1. Danny Way first conceived the idea to jump the Great Wall several years ago on a flight to Asia. His friends laughed at him and claimed he’d lost his marbles. But the gears were set into motion when he met with the China Extreme Sports Association, a government body created in 2004 to oversee “extreme sports” in the country.
2. Chinese officials carved Danny’s signature into the wall before he even attempted the gap. Danny is the first Westerner ever to be bestowed with such an honor. His name is engraved next to the first Chinese astronaut into space.
3. At the last minute, Danny had an extension built on the roll-in. “I’d rather overshoot it than come up short,” he said calmly as he climbed the extension. Although Danny cleared the chasm on his first attempt, he stll came up dreadfully short of his mark, severely blowing out his ankle. If it weren’t for the extension, Danny would most likely have died.
4. Danny was treated by the Chineses Olympic trainer, as well as his own personal physician, Dr. Brian Weeks but refused an X-ray, fearing that knowing the extent of damage he’d done would deter him from trying it again. Danny received lidocaine shots in his ankle to numb the pain. Amazingly, Danny still wore low cut shoes—a half-size too big, padded with two insoles in each shoe. After the crash, event sponsor Quiksilver scrambled to create “worst-case-scenario” documents, including a frightening plan in the event Danny perished during the attempt.
5. The last person before Danny who tried to jump the wall without the aid of a motor was Wang Jiaxiong of Shaanxi Province in 2002. The 30-year-old stunt cyclist cleared the wall on his mountain bike, but tumbled midair, falling over 50 feet onto his head. Wang died later that day.
6. Danny kept a handful of his father’s ashes in his pocket during the jump.
7. According to legend, in the 1500s Wn H, a Chinese official of the Ming dynasty, was the first to attempt a launch over the wall (and was perhaps the world’s first astronaut.) Wn took advantage of China’s early fireworks technology and had a chair built with 47 rockets attached. He climbed into his rocket chair while servants lit the fuses. A violent explosion ensued. After the smoke cleared, Wn and the chair were gone, never to be seen again.
8. Over 100 million Chinese watched the Great Wall leap live. The jump became the highest rated live broadcast in the history of Chinese television for its timeslot. Danny only had a 30 minute window to make the jump for the live broadcast, enough time for only five attempts.
9. The front desk employee at the hotel Danny stayed at was named Harry Wang. DC’s Sean Rogers offered him $100 for his nametag. Wang honorably declined.
10. Risk avoidance is deeply imbued in Chinese culture. Still, the Chinese government was so honored to have Danny, it declared a work stoppage for the people of China and released a statement saying, “Your mandatory support for this historic event is greatly encouraged.” Workers were required to report to work two hours early that day.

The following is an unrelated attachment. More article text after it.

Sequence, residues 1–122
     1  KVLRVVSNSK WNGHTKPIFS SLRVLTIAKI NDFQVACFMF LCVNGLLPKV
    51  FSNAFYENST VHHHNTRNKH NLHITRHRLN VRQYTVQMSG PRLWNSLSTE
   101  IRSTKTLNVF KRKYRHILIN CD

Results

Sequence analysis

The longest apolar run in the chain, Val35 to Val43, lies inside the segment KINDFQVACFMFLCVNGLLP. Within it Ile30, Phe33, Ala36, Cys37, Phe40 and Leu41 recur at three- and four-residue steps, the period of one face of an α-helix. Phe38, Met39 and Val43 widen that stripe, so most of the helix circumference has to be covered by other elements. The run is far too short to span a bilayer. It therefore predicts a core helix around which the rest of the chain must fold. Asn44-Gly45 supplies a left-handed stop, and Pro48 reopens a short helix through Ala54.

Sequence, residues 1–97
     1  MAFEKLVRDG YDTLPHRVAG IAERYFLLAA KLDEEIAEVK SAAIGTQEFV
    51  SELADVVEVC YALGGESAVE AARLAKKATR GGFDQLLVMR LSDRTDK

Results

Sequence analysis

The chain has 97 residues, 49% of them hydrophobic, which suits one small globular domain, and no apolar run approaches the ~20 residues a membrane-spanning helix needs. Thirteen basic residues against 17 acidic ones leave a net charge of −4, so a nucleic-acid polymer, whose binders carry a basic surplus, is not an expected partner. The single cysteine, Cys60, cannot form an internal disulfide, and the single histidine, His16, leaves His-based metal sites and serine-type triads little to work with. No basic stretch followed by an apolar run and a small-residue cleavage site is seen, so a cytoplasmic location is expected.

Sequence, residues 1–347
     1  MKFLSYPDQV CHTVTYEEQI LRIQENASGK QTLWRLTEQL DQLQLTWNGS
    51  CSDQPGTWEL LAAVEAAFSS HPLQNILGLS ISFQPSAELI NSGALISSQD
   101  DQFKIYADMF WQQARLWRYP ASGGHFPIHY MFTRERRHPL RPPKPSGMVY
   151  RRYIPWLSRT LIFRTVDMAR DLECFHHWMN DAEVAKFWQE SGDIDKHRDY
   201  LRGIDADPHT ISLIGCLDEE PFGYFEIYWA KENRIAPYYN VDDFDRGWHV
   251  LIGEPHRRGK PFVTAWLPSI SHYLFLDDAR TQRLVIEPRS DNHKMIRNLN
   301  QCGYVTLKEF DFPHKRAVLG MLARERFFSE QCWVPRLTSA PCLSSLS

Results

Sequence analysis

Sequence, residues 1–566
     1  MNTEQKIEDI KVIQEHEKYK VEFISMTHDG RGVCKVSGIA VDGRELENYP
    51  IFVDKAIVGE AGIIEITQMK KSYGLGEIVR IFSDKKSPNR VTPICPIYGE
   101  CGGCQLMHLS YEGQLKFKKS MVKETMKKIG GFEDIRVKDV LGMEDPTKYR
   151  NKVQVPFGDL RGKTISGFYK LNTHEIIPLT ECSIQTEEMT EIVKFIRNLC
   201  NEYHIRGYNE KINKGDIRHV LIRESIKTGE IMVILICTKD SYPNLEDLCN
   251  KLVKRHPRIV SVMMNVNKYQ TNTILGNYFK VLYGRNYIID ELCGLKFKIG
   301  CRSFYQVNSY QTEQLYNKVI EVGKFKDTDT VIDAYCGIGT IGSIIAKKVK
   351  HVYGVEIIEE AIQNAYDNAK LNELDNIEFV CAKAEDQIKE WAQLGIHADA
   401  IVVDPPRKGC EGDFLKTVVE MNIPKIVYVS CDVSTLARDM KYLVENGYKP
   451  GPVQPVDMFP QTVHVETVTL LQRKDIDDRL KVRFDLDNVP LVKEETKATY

11. According to Danny, when he first reached the top of the roll-in people began popping out of the bushes like refugees. “It looked like the terrain was moving,” said Way of the thousands of locals hiding in the outskirts of the heavily-guarded site, hoping to catch a glimpse of the remarkable feat.
12. There weren’t any forklifts or cranes used to build the ramp. It was all done by hand with 60 workers laboring daily for weeks in 106 degree heat. The workers kept a pet camel available for hire, but the humps weren’t solid—more like big wiggly breasts—so no one in Danny’s entourage rode the beast.
13. The Beijing MegaRamp is the largest skate structure ever built. It required 60,000 screws, 4,000 framework joists, 410 sheets of plywood and 200 sheets of Skatelite imported from the US at a cost of $60,000. The final estimated cost of the entire spectacle, including ramp construction, security, travel and other miscellaneous expenses was nearly $1.7 million. Workers ran out of screws before completion and had to finish the project with nails.
14. China’s first emperor, Ying Zheng was only 13 when he ordered the construction of the Great Wall in 246 BC. Zheng also commissioned over 700,000 slaves to build a massive tomb and had over 8,000 life-size terracotta statues of Chinese warriors built to surround his final resting place. Those who worked on the structure were killed and buried with the emperor to ensure the site remained secret. It worked, until the tomb was discovered by peasant farmers in the mid-1970s. As a show of gratitude to Danny, the Chinese government presented him with one of the ancient terracotta warriors.
15. Danny’s great wall leap was on the cover of every major Asian newspaper, including The Beijing Times, The Daily Messenger and The Morning Post. Thousands of articles appeared in newspapers and magazines worldwide, including Sports Illustrated, USA Today, Newsweek, The LA Times, The New
York Times and the UK’s biggest paid daily newspaper, The Sun. Accompanied
with hundreds of television news reports and countless highlight reels, Danny’s jump was not only the most covered story in skateboarding’s history, but for all action sports combined.